(1) Winternitz, HIL, i, 195-6. Keith says that the home of the Taittirlya school was the middle country, as 3*4 was the home of tv e Kathaka, the M a i t r a y a n i , and even the Vaiasaneyj and the Satapatha » Hos , xviii , p . xciii. (2) Weber, l a d . L i t ., p.” 55.

61 .

are the most ancient.

Even later than the Satapatha

Brahmana and the Aitareya Brahmana is the Jaiminlya Brahmana •

and so is the Kaksitaki or SaAkhayana B r a h m a n a .^^J 111 •

in some


cases it is difficult to draw a line bet w e e n the Srautasutras and the B r a h m a n a s ;

thus the Bafrd-hayana Srautasutra may be

regarded as a late Brahmana. seems to be similarly old.’(5)

The Ap ast amb a Srautasutra In addition to these,

dates of other principal Srautasutras Katyayana, SaAkhayana,

Latyayana, •


(viz. A s v a l a y a n a ,

Draifcyayana and Satyasadha) •

have been fixed between 800 and 400 B . C . ^ )



the number of the Upanisads exceeds even two hundred, but only six of them c a n be ascribed to the pre-Buddhist period. (7) (J In examining the material from the different strata of later Vedic literature regard has to be paid also to the relative dating of the various parts of individual texts. in the later Samhitas,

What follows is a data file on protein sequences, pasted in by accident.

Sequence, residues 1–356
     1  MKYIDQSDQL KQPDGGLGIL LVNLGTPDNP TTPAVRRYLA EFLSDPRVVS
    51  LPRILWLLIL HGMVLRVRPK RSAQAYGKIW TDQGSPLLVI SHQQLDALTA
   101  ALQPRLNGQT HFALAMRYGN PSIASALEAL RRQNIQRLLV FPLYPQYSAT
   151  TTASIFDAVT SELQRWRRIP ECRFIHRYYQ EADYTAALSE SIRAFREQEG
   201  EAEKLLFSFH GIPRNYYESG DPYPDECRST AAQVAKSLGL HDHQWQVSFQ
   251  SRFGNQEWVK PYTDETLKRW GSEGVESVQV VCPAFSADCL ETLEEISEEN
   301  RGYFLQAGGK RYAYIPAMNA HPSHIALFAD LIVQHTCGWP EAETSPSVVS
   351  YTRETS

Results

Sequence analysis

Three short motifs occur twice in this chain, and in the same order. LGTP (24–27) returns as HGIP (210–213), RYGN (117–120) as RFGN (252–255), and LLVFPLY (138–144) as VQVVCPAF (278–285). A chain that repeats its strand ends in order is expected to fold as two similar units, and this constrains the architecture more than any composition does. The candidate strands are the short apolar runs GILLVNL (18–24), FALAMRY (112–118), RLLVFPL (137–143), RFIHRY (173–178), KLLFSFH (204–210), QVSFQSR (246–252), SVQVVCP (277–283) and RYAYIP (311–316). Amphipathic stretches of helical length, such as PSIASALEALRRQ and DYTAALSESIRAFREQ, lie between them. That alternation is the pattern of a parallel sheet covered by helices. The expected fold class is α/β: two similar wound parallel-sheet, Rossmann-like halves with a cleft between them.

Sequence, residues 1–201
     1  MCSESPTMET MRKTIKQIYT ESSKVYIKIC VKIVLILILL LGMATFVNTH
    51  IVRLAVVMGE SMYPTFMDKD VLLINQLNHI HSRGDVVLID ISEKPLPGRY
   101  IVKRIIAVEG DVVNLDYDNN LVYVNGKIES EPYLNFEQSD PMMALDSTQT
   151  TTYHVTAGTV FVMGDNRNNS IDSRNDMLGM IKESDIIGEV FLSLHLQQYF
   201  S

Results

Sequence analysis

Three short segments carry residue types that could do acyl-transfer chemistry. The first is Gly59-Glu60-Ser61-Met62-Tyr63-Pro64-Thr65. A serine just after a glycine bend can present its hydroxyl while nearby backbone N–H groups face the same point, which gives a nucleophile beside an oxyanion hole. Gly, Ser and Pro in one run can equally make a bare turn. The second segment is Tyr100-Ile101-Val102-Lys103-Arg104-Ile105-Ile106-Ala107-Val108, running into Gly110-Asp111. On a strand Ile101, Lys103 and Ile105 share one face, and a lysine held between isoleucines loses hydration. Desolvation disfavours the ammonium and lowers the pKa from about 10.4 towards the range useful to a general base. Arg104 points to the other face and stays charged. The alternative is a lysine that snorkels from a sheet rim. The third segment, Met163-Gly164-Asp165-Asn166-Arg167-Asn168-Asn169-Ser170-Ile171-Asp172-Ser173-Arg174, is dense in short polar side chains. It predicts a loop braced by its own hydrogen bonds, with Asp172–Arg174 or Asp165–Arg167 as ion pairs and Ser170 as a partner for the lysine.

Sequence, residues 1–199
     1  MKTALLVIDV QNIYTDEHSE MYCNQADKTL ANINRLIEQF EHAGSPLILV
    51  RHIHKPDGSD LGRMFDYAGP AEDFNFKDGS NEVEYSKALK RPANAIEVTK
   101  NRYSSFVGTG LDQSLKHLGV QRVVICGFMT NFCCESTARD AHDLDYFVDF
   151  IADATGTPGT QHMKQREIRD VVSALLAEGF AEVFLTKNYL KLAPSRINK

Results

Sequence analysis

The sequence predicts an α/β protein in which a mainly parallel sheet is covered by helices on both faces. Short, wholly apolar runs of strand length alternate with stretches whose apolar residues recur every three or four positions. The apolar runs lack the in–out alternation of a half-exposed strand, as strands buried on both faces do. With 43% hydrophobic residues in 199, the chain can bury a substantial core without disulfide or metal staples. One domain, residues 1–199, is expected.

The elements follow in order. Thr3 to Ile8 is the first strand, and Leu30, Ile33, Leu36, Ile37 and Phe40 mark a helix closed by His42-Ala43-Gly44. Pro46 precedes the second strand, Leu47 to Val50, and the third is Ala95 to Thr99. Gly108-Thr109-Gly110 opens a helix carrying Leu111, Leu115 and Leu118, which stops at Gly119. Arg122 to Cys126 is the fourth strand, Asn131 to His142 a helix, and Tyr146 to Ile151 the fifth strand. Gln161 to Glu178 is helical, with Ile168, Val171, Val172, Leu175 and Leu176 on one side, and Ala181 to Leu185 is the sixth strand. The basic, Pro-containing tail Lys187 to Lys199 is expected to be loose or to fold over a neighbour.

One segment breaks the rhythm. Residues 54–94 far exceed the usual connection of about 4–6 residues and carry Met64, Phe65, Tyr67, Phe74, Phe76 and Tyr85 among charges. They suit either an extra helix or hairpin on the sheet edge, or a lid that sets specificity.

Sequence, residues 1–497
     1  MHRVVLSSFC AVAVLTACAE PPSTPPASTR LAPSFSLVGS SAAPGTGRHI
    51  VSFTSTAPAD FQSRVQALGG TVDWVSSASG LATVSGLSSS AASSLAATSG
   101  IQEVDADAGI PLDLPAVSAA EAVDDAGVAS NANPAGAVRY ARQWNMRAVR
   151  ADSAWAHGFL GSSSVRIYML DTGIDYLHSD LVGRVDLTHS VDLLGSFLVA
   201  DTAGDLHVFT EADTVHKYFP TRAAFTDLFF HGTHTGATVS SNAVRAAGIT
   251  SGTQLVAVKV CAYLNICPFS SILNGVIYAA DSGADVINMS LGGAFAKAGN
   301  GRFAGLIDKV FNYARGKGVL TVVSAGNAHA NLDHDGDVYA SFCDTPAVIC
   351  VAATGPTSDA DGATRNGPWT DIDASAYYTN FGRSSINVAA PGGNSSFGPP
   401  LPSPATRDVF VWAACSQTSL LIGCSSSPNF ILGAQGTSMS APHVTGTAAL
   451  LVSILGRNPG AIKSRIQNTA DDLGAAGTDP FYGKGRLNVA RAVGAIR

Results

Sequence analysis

rp\ J


and especially in the Brahmanas, we find

far more frequent use of optatives than in the Rg Veda and the Atharva V e d a .(9)7

Hence many statements in the later Vedic

literature are not in the form of the record of facts that (1) W a c k e r n a g e l , Altind. Grammatik i, pp. xxx-xxxi; Keith, Hos x x v , 44. (2) Keith, Hos,xxv, 46. (3) Winternitz, HIL, i, 191. (4) B.K. Ghosh, VA, p. 235(5) Keith, HOS, xviii, p. xli. (6) VA, p. 476. (7) I b i d .: p. 467(8) Here it is not possible to do more than refer to the opinions of generally accepted authorities. (9) Mac&onell, A Vedic Grammar for S t u d e n t s , p. 118.

actually occurred, but are to be interpreted as instructions and advice.

But occasional evidence for things w h ic h may have

happened can be culled from the narrative portion of the M a h a b h a r a t a , whi c h reflects happenings in the later Vedic period.^ ^ Since the sudras appear in post-Vedic times m ain ly as the serving class, we will begi n the study of their position in the later Vedic period w ith an inquiry into their economic con­ ditions.

In an early reference they are described as bein g in

possession of cattle, which could be taken away b y the people of the higher varnas for sacrifice.